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var number = 1310;

should be left alone.

var number = 120;

should be changed to "0120";

var number = 10;

should be changed to "0010";

var number = 7;

should be changed to "0007";

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2  
Don't you want to cast 1310 to the string "1310", like you cast all other cases to strings? –  Šime Vidas Jan 18 '11 at 15:51
1  
I agree with Šime Vidas -- my answer below will do just that. –  Kyle Wild Jan 18 '11 at 15:52
    
Please see: stackoverflow.com/questions/1267283/… –  Thai Jan 18 '11 at 15:52
    
See this comparison of methods: jsperf.com/ways-to-0-pad-a-number –  kojiro Dec 27 '11 at 19:25

5 Answers 5

up vote 3 down vote accepted
function pad_with_zeroes(number, length) {

    var my_string = '' + number;
    while (my_string.length < length) {
        my_string = '0' + my_string;
    }

    return my_string;

}
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function pad(n, len) {
  return (new Array(len + 1).join('0') + n).slice(-len);
}

might not work in old IE versions.

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2  
+1, will work fine from IE 4.0 onwards. A simpler approach, if you don't need it to be dynamic, is ("0000" + n).slice(-4); –  Andy E Jan 18 '11 at 15:58
    
@Andy yes if I were coding it I'd probably just initialize a string of 20 or 30 zeros and use it. –  Pointy Jan 18 '11 at 16:01
//to: 0 - to left, 1 - to right
String.prototype.pad = function(_char, len, to) {
    if (!this || !_char || this.length >= len) {
        return this;
    }
    to = to || 0;

    var ret = this;

    var max = (len - this.length)/_char.length + 1;
    while (--max) {
        ret = (to) ? ret + _char : _char + ret;
    }

    return ret;
};

Usage:

someString.pad(neededChars, neededLength)

Example:

'332'.pad('0', 6); //'000332'
'332'.pad('0', 6, 1); //'332000'
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An approach I like is to add 10^N to the number, where N is the number of zeros you want. Treat the resultant number as a string and slice off the zeroth digit. Of course, you'll want to be careful if your input number might be larger than your pad length, but it's still much faster than the loop method:

// You want to pad four places:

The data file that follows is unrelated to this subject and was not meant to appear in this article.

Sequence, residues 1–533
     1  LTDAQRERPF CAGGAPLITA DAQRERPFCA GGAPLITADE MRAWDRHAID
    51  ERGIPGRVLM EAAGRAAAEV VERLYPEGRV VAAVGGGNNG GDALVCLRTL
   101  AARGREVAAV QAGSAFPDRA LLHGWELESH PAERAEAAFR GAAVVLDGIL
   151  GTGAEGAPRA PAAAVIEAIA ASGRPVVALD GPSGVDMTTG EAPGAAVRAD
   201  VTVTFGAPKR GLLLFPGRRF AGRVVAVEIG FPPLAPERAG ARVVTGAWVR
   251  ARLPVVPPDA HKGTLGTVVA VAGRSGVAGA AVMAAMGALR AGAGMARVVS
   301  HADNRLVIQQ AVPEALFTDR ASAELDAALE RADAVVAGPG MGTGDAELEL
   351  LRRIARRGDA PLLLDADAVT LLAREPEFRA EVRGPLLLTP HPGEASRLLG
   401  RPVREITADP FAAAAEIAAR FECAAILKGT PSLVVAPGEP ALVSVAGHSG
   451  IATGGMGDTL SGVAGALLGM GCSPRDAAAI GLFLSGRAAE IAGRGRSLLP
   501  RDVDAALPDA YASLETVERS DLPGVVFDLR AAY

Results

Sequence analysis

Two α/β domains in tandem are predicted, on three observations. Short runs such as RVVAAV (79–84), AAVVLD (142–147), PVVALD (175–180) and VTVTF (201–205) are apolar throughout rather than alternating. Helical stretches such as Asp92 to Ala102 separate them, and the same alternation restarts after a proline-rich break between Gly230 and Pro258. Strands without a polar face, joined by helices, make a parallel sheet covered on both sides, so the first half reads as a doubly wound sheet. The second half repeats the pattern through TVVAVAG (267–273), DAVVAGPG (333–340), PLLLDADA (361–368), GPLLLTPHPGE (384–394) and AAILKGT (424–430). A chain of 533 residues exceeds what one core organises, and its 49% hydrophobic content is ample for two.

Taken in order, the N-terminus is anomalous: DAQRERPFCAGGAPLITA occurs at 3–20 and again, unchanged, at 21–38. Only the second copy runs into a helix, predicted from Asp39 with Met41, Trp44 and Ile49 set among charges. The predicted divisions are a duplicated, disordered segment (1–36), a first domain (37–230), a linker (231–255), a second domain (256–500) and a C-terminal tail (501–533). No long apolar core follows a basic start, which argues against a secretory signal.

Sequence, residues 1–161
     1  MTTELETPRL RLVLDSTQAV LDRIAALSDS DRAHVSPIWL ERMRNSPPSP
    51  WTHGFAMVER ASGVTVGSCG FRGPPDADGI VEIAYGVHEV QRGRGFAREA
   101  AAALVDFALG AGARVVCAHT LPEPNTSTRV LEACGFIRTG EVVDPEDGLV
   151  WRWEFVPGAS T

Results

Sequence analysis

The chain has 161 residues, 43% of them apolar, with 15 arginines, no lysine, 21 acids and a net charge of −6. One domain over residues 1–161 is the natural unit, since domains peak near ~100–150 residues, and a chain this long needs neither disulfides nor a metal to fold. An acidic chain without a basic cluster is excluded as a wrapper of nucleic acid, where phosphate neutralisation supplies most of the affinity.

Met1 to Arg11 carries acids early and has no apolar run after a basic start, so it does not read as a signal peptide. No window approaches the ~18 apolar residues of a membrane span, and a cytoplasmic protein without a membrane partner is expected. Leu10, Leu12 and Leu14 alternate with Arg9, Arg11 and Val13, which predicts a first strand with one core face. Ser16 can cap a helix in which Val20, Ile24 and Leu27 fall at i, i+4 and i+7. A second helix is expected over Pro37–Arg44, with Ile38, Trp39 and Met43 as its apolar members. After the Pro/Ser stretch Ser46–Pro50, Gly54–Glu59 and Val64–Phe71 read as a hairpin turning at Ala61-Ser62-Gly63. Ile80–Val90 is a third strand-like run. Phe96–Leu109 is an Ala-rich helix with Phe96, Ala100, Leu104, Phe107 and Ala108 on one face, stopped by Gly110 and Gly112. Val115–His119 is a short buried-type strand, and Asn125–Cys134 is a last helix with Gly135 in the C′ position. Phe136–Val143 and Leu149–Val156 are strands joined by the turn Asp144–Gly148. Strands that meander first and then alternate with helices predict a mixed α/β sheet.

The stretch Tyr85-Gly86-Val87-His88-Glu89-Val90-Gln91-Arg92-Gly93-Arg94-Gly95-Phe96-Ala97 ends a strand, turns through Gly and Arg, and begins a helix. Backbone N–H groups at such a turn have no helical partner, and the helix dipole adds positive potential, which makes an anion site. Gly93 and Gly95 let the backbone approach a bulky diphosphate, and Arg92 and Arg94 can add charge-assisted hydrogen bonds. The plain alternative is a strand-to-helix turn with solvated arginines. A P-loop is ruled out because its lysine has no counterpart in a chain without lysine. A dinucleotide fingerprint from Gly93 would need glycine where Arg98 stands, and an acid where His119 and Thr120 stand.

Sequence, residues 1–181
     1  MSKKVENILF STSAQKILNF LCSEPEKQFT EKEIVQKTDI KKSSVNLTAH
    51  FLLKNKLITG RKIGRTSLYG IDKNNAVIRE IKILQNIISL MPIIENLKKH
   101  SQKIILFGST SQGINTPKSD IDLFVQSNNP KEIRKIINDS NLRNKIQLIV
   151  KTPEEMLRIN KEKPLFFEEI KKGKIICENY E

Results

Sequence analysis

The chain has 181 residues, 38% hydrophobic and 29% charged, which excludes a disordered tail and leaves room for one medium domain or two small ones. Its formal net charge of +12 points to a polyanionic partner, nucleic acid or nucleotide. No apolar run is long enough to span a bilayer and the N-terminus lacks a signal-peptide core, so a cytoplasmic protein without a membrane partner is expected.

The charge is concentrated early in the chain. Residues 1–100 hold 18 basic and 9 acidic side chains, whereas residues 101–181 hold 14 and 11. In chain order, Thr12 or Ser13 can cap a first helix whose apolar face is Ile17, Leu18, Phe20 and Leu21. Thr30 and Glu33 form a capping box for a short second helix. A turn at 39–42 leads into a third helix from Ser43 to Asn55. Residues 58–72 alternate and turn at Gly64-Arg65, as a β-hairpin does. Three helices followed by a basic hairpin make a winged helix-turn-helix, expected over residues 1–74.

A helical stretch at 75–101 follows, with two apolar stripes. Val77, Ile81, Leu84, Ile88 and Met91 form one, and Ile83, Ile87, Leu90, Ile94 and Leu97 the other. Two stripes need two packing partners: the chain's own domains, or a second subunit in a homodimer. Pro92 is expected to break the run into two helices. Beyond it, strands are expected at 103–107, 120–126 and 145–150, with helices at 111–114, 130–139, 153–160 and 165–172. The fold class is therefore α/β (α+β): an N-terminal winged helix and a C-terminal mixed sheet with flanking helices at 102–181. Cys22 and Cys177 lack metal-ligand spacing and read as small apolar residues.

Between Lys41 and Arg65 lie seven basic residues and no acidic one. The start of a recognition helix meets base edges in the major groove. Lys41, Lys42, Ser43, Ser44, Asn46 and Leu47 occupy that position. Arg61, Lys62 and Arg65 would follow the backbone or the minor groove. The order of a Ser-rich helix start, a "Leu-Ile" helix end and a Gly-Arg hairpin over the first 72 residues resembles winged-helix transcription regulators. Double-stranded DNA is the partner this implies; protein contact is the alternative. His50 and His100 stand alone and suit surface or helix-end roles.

>>> var N = Math.pow(10, 4)
>>> var number = 1310
>>> number < N ? ("" + (N + number)).slice(1) : "" + number
"1310"
>>> var number = 120
>>> number < N ? ("" + (N + number)).slice(1) : "" + number
"0120"
>>> var number = 10
>>> number < N ? ("" + (N + number)).slice(1) : "" + number
"0010"
…

etc. You can make this into a function easily enough:

/**
 * Pad a number with leading zeros to "pad" places:
 *
 * @param number: The number to pad
 * @param pad: The maximum number of leading zeros
 */
function padNumber(number, pad) {
    var N = Math.pow(10, pad);
    return number < N ? ("" + (N + number)).slice(1) : "" + number
}
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Here's another way. Comes from something I did that needs to be done thousands of times on a page load. It's pretty CPU efficient to hard code a string of zeroes one time, and chop as many as you need for the pad as many times as needed. I do really like the power of 10 method -- that's pretty flexible.

Anyway, this is as efficient as I could come up with:

For the original question, CHOOSE ONE of the cases...

var number = 1310;
var number = 120;
var number = 10;
var number = 7;

then

// only needs to happen once 
var zeroString = "00000";

// one assignment gets the padded number
var paddedNum = zeroString.substring((number + "").length, 4) + bareNum;

//output
alert("The padded number string is: " + paddedNum);

Of course you still need to validate the input. Because this ONLY works reliably under the following conditions:

  • Number of zeroes in the zeroString is desired_length + 1
  • Number of digits in your starting number is less than or equal to your desired length

Backstory:

I have a case that needs a fixed length (14 digit) zero-padded number. I wanted to see how basic I could make this. It's run tens of thousands of times on a page load, so efficiency matters. It's not quite re-usable as-is, and it's a bit inelegant. Except that it is very very simple.

For desired n digits padded string, this method requires a string of (at least) n+1 zeroes. Index 0 is the first character in the string, which won't ever be used, so really, it could be anything.

Note also that string.substring() is different from string.substr()!

var bareNum = 42 + '';  
var zeroString = "000000000000000";
var paddedNum = zeroString.substring(bareNumber.length, 14) + bareNum

This pulls zeroes from zeroString starting at the position matching the length of the string, and continues to get zeroes to the necessary length of 14. As long as that "14" in the third line is a lower integer than the number of characters in zeroString, it will work.

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